The purpose of this thesis is to problematize the complexity and the variety of voices that dialogued by the end of the third century a.D. in Rome in order to contribute to shape the phenomenon we have come to know as Christianity. The research question is:as opposed to using just a source associated with the Church, what additional perspectives are provided by the juxtaposition of more voices in order to conceptualise alterity within Christianity in this foundational moment? In order to answer it, I use three sources (Eusebius’ Historia Ecclesiastica, Lactantius’ De Mortibus Persecutorum and the Memoria Apostolorum graffiti in Via Appia, Rome), which provide a variety of voices associated with a range social actors. The objective is to give a broader account of Christian alterity in late antiquity by means of applying a dialogic approach. Originally proposed by Mikhail Bakhtin, this hermeneutic paradigm seeks to juxtapose the voices of all the social actors implied in order to show the conflict between. Given that it would not be possible to juxtapose all the possible sources, I base my analysis in a historical framework grounded on secondary literature that also acts as a metadiscursive context to interpret the sources. I make use of mixed methods based on content analysis, using MaxQDA to code segments in all three sources and then analyse their frequencies in order to delineate which variables are more relevant to analyse. I thereafter present comments; first analysing only Eusebius’ text, then analysing all three together and showing the conflict between them. Finally, I contrast both conceptualisations. My main conclusion is that an open ended account of history represents alterity in a more complex way that allows researchers to make folk discourses visible, as was the case for these three sources, despite having the risk of being more chaotic.
  • Li, Huawei; Ruokanen, Miikka; Ford, David (2019)
    In the past two decades, scriptural reasoning (SR) has gained wide acceptance as a promising new method of interreligious dialogue among Jews, Christians, and Muslims and is rapidly gaining attention all over the world. SR as interfaith dialogue between the Abrahamic religions emerged in an Anglo-American context in the early 1990s. The first long-term experiment of SR in China was carried out in Beijing from December 2014 to September 2015 as a cooperative project between the Minzu University of China and the University of Helsinki. This SR included the sacred texts of the Chinese traditions of Taoism, Confucianism, and Buddhism alongside the canonical texts of Christianity (both Catholic and Protestant) and Islam. All the scriptural faith traditions of China were represented in this dialogue. The process of SR was carefully researched by Dr Li Huawei; the results show that it is justified to say that SR seems well-suited as a method of interfaith dialogue between the main faith traditions of China. We may assume that SR in China will have far-reaching influence in the future.
  • Lempinen, Lassi (Helsingin yliopisto, 2023)
    In this thesis, I study the role of the Christian virtues of weakness, humility and self-sacrifice, and also mortality, in the cosmology and quests of J.R.R. Tolkien’s (1892-1973) Middle-earth core legendarium, which consists of The Silmarillion, The Hobbit and The Lord of the Rings. What I aim to show is that these virtues are what the general cosmology of Middle-earth is oriented towards and simultaneously what successful heroism requires in the quests of Middle-earth. As the Middle-earth timeline progresses, the Christian virtues become increasingly prevalent. In the close reading section on cosmology, it is observed that this development is foreshadowed in the primordial Music and Vision of Creation, where the unfolding history of Middle-earth is envisioned by divine powers. Over the timeline, the gradual shift from powerful, graceful and immortal towards weak, humble and mortal is realised through the demographic shifts, where with very few exceptions, the powerful and immortal fade away and leave in favour of the weak and mortal, who take over and gain agency. As is observe in the close reading section on the quests of Middle-earth, this development is reflected in those quests, and successful heroism is often carried out by the weak and humble mortals, notably often through self-sacrifice. Ultimately, the Christian virtues become manifested in the Hobbits and their unlikely triumph over the greatest evil.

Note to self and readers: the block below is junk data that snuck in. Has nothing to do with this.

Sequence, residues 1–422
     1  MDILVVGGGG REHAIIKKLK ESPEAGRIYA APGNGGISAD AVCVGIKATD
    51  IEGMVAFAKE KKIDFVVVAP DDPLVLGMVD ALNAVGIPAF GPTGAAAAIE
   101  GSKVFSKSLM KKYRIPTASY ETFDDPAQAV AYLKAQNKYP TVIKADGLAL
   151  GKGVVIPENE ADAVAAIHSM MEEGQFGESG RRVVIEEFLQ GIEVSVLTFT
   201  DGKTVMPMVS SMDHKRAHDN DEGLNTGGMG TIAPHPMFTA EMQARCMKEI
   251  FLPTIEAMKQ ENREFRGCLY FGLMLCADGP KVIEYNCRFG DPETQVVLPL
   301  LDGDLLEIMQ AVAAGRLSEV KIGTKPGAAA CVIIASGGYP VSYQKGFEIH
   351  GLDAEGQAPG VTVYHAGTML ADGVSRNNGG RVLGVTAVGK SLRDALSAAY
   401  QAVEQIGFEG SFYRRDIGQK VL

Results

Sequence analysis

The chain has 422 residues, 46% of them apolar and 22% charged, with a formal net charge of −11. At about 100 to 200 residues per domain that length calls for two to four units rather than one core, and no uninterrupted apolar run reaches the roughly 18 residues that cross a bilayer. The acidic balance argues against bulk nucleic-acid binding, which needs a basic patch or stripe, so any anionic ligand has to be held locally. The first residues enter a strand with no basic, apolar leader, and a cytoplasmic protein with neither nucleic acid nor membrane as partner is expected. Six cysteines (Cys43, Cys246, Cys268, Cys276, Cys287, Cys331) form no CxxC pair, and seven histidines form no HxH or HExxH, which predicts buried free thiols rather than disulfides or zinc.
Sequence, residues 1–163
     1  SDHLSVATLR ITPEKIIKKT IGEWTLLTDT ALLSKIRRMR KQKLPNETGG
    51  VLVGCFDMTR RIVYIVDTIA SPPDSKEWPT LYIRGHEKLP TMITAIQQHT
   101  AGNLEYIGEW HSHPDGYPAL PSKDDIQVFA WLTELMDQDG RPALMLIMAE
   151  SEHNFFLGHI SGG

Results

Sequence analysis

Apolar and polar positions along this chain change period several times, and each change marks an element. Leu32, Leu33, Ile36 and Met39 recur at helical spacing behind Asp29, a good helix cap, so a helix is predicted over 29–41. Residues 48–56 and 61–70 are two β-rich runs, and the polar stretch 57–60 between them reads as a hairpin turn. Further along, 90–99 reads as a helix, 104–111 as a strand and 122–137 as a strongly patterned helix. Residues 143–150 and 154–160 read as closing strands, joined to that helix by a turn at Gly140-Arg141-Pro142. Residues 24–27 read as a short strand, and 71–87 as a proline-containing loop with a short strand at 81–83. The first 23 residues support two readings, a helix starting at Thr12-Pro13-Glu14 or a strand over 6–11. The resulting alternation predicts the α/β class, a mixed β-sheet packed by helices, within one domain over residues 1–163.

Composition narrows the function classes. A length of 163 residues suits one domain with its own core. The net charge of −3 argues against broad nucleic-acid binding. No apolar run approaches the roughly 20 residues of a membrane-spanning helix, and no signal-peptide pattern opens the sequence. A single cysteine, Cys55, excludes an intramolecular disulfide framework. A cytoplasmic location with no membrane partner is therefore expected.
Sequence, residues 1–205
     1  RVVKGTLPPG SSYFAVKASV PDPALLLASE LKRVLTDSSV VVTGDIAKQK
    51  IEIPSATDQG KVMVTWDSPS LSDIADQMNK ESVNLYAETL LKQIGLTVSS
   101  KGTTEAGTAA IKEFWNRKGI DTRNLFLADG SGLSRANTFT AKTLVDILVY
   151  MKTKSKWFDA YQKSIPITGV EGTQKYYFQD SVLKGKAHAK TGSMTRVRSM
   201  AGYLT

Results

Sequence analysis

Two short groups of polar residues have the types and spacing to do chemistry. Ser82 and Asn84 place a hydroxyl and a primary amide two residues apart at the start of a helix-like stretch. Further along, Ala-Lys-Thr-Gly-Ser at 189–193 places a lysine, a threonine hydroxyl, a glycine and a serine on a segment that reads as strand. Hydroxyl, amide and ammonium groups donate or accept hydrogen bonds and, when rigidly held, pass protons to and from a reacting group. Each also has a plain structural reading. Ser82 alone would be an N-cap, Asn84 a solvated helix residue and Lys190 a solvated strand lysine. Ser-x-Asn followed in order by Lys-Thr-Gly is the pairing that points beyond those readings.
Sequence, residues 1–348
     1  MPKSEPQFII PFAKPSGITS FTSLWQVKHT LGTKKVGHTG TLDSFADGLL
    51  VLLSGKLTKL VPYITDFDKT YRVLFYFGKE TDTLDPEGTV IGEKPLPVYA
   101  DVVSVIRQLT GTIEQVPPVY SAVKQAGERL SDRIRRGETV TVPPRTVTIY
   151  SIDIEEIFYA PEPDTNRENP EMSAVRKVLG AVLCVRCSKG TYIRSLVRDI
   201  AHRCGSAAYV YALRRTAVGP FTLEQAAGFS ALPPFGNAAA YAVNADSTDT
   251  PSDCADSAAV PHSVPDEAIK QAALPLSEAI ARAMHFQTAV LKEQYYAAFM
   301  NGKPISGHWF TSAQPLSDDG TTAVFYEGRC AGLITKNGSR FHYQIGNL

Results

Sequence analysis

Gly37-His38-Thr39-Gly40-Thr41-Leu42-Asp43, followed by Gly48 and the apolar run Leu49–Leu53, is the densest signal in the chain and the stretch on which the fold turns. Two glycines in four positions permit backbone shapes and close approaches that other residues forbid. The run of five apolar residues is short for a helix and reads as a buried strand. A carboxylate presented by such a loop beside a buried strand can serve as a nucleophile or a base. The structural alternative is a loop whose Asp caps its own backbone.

• Bagge, Sverre (Helsinki Collegium for Advanced Studies, 2015)
    COLLeGIUM: Studies across Disciplines in the Humanities and Social Sciences ; 17
    The radical difference between the past and the present is mostly regarded as an invention of the late eighteenth and early nineteenth century, which marks the origin of the modern understanding of history. Does this mean that in the Middle Ages there was no idea of the past being different? The article will examine this question on the basis of one text, Snorri Sturluson’s Heimskringla, which deals with the history of the Norwegian dynasty from Roman times until 1177. The focus will be on two events, the introduction of Christianity and the unification of the kingdom under one king.
  • Tsurkka, Tiia (Helsingin yliopisto, 2018)
    Pro Gradu –tutkielmani käsittelee kristillisen tietokirjallisuuden kääntämistä sanaston kääntämisen näkökulmasta. Materiaalini on oma 20 sivun käännökseni Leif Nummelan kirjasta Raamatun punainen lanka. Käännös on tehty suomesta englantiin. Käännös on tehty samanaikaisesti toimeksiantona Nummelaa ja tätä tutkielmaa varten. Tutkielmani teoriapohja koostuu Eugene Nidan ekvivalenssin käsitteestä sekä Nidan Raamatun kääntämisen teorioista. Ekvivalenssia on myöhemmin käyttänyt myös Jean-Paul Vinay ja Jean Darbelnet, joiden teorioita käsittelen myös. Tämän lisäksi käytän Katharina Reissin ja Hans J. Vermeerin Skopos-teoriaa käännöksen tarkoituksen määrittelyyn. Viimeisimpänä hyödynnän myös Lawrence Venutin kotouttamisen ja vieraannuttamisen käsitteitä, joista myös Nida on kirjoittanut. Tutkimuskysymykseni on: ”Mitä käännösstrategioita käännöksestäni löytyy?” Oletukseni on, että kristillisessä kirjallisuudessa luovuus ei ole suurissa määrissä sallittua. Raamatun kääntämistä on tutkittu niin pitkään, että sanasto on tarkoituksellisesti muokkautunut nykyiseen muotoonsa. Kristinuskon sanastoa voidaan käsitellä yhtenä erikoisalan sanastona, ja ammattitaitoisen kääntäjän tulisi hallita tämä sanasto ryhtyessään kääntämään tämän alan tekstejä. Luen sanastoon mukaan sekä Raamatusta löytyvän sanaston että kristinuskoon yleisesti vakiintuneen sanaston. Analysoin käännöstä kolmessa osassa. Ensimmäisenä analysoin lähtötekstistä löytyvien Raamatun jakeiden käännöstä ekvivalenssin käsitteen avulla. Oletuksena on, että jakeet tulee vain mekaanisesti korvata kohdekielen Raamatun jakeilla. Seuraavaksi analysoin tekstiä, jossa kirjailija on viitannut Raamatun jakeisiin, mutta muokannut ja selittänyt sanomaa. Tässä osiossa tärkeintä on sanaston pysyminen Raamatun sanaston mukaisena. Viimeisenä analysoin kaikkea jäljelle jäävää tekstiä, joka ei juurikaan käsittele Raamatun kertomuksia. Tässä osuudessa kääntäjän on mahdollisuus käyttää kotouttavaa tai vieraannuttavaa strategiaa, kunhan lopputulos ei ole Raamatun sanoman vastainen. Käsittelen kaikkia kategorioita myös käännöksen Skopoksen näkökulmasta. Tärkein Skopos tekstilleni on se, että käännös on Raamatun oppien mukainen, tyyli ja kieliopilliset seikat ovat toissijaisia. Johtopäätökseni on, että ekvivalenssi ja Skopos ovat toimivia teorioita kristillisten aiheiden kääntämiseen. Kotouttamista tai vieraannuttamista ei käännöksestäni juurikaan löytynyt, mutta se saattaa myös tarkoittaa sitä, että niitä ei olisikaan voitu käyttää – niiden poissaolo ei tarkoita väärää käännöstä. Kääntäjälle on tärkeintä löytää tasapaino näiden kahden käsitteen väliltä.